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Image compression and encryption

scheme using fractal dictionary and

Julia set
An efficient and secure environment is necessary for data transmission and storage,
especially for large-column multimedia data. In this study, a novel compression-encryption
scheme is presented using a fractal dictionary and Julia set. For the compression in this
scheme, fractal dictionary encoding not only reduces time consumption, but also gives good
quality image reconstruction. For the encryption in the scheme, the key has large key space
and high sensitivity, even to tiny perturbation. Besides, the stream cipher encryption and the
diffusion process adopted in this study help spread perturbation in the plaintext, achieving
high plain sensitivity and giving an effective resistance to chosen-plaintext attacks.

Filtering of mixed Gaussian and impulsive

noise using morphological contrast
Several morphological transformations to detect noise are introduced. The initial method is
a modification of a procedure presented previously in the current literature. The proposals
given in the study allow to detect noise in two ways: (i) using a contrast measure and (ii)
applying different proximity criteria into several proposed toggle mappings. In the end, two
of the proposals given in this study yield a better performance with respect to methods in
which this research is based. However, although the methodology to identify noise works
adequately, the results are limited due to the use of the structuring element. In Section 4, an
image with two types of noise is cleaned. Such image is contaminated with zero mean
Gaussian noise with 0.01 variance and 5% of salt and pepper noise. From this experiment,
the proposal giving the best performance is selected; subsequently, this is compared with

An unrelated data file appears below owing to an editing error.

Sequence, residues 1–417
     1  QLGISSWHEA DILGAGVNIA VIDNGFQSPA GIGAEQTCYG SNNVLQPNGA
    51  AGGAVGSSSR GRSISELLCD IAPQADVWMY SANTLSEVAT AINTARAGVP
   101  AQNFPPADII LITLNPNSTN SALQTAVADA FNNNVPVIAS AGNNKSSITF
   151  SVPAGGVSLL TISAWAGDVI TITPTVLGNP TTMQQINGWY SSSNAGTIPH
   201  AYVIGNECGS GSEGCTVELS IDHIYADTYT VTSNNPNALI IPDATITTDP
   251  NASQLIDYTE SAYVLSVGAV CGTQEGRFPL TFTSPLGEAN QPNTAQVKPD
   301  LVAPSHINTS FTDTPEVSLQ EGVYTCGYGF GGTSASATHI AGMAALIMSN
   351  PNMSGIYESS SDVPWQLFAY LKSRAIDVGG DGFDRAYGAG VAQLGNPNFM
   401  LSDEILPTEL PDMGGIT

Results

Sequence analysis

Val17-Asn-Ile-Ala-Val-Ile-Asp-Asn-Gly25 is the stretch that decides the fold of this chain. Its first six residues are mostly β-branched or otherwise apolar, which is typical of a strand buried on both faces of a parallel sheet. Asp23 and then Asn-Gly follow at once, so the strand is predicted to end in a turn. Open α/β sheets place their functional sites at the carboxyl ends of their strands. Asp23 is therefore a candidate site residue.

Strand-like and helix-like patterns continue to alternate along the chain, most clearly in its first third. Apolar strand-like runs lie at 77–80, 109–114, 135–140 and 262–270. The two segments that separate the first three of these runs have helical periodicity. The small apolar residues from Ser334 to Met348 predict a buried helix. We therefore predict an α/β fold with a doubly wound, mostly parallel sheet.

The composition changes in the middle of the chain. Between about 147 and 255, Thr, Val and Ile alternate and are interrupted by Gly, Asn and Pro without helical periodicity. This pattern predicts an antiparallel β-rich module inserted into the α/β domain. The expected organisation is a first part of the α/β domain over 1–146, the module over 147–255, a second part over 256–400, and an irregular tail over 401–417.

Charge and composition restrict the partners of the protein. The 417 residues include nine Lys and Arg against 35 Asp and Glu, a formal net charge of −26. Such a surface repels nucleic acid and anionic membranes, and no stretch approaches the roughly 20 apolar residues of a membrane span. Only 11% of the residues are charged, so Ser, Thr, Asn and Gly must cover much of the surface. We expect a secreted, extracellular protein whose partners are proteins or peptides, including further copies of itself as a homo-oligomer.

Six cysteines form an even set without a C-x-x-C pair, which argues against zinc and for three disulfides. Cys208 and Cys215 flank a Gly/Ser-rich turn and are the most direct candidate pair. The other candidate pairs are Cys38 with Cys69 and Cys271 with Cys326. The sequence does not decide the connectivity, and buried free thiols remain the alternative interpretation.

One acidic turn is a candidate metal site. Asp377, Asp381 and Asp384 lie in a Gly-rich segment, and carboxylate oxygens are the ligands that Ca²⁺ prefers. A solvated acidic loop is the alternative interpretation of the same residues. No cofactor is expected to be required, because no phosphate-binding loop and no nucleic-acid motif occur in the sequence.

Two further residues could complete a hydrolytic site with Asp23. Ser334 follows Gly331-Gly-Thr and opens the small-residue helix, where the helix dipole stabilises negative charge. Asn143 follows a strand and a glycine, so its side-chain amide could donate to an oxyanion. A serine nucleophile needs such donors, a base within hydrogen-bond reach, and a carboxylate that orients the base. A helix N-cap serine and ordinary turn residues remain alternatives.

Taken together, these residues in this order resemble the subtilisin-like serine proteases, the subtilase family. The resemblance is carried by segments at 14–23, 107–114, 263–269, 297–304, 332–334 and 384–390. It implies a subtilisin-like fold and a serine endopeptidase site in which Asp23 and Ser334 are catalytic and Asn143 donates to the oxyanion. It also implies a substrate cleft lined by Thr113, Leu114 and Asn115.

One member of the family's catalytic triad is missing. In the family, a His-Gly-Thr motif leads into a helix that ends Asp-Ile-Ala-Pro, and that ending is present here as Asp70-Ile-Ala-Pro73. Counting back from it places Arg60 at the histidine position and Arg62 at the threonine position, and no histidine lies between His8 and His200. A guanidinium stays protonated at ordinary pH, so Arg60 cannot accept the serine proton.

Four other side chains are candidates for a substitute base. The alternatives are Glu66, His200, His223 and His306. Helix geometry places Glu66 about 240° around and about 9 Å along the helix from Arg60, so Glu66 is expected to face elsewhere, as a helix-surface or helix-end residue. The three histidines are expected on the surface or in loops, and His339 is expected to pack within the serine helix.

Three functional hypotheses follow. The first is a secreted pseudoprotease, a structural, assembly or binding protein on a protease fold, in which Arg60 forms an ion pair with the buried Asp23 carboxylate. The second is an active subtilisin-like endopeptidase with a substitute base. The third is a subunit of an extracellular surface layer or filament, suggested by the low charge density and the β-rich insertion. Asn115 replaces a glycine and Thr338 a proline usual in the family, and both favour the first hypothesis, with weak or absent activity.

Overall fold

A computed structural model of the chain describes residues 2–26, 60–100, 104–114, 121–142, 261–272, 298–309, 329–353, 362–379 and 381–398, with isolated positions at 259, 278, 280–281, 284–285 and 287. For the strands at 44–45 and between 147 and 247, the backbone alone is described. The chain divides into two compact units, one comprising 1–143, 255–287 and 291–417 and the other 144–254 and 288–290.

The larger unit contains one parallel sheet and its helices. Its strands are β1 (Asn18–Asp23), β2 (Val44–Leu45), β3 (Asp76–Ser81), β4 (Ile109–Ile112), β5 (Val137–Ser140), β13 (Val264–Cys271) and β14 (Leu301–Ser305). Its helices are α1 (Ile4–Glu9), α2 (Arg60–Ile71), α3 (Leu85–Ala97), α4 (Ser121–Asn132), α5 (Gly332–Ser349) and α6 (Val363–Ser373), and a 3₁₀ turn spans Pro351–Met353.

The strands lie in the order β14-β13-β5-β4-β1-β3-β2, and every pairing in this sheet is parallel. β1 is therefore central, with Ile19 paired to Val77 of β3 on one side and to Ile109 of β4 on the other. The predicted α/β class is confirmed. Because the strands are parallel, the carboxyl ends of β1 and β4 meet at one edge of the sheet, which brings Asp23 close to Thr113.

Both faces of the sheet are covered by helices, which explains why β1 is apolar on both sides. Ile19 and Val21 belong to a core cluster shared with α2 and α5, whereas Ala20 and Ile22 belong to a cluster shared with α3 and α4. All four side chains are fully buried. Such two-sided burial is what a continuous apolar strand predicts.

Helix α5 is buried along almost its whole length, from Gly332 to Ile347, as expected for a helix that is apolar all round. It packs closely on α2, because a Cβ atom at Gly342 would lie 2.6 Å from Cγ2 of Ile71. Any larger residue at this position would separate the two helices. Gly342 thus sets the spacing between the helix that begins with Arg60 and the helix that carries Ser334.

other recent operators as PDEs, wavelets, morphological connected rank max opening and

Internet of Things for Smart Cities

The Internet of Things (IoT) shall be able to incorporate transparently and seamlessly a
large number of different and heterogeneous end systems, while providing open access to
selected subsets of data for the development of a plethora of digital services. Building a
general architecture for the IoT is hence a very complex task, mainly because of the

extremely large variety of devices, link layer technologies, and services that may be
involved in such a system. In this paper, we focus specifically to an urban IoT system that,
while still being quite a broad category, are characterized by their specific application
domain. Urban IoTs, in fact, are designed to support the Smart City vision, which aims at
exploiting the most advanced communication technologies to support added-value services
for the administration of the city and for the citizens. This paper hence provides a
comprehensive survey of the enabling technologies, protocols, and architecture for an
urban IoT. Furthermore, the paper will present and discuss the technical solutions and bestpractice guidelines adopted in the Padova Smart City project, a proof-of-concept
deployment of an IoT island in the city of Padova, Italy, performed in collaboration with the
city municipality.

Information Security in Big Data: Privacy

and Data Mining
The growing popularity and development of data mining technologies bring serious threat to
the security of individual,'s sensitive information. An emerging research topic in data mining,
known as privacy-preserving data mining (PPDM), has been extensively studied in recent
years. The basic idea of PPDM is to modify the data in such a way so as to perform data
mining algorithms effectively without compromising the security of sensitive information
contained in the data. Current studies of PPDM mainly focus on how to reduce the privacy
risk brought by data mining operations, while in fact, unwanted disclosure of sensitive
information may also happen in the process of data collecting, data publishing, and
information (i.e., the data mining results) delivering. In this paper, we view the privacy
issues related to data mining from a wider perspective and investigate various approaches
that can help to protect sensitive information. In particular, we identify four different types of
users involved in data mining applications, namely, data provider, data collector, data miner,
and decision maker. For each type of user, we discuss his privacy concerns and the
methods that can be adopted to protect sensitive information. We briefly introduce the
basics of related research topics, review state-of-the-art approaches, and present some
preliminary thoughts on future research directions. Besides exploring the privacy-preserving
approaches for each type of user, we also review the game theoretical approaches, which
are proposed for analyzing the interactions among different users in a data mining scenario,
each of whom has his own valuation on the sensitive information. By differentiating the
responsibilities of different users with respect to security of sensitive information, we would
like to provide some useful insights into the study of PPDM.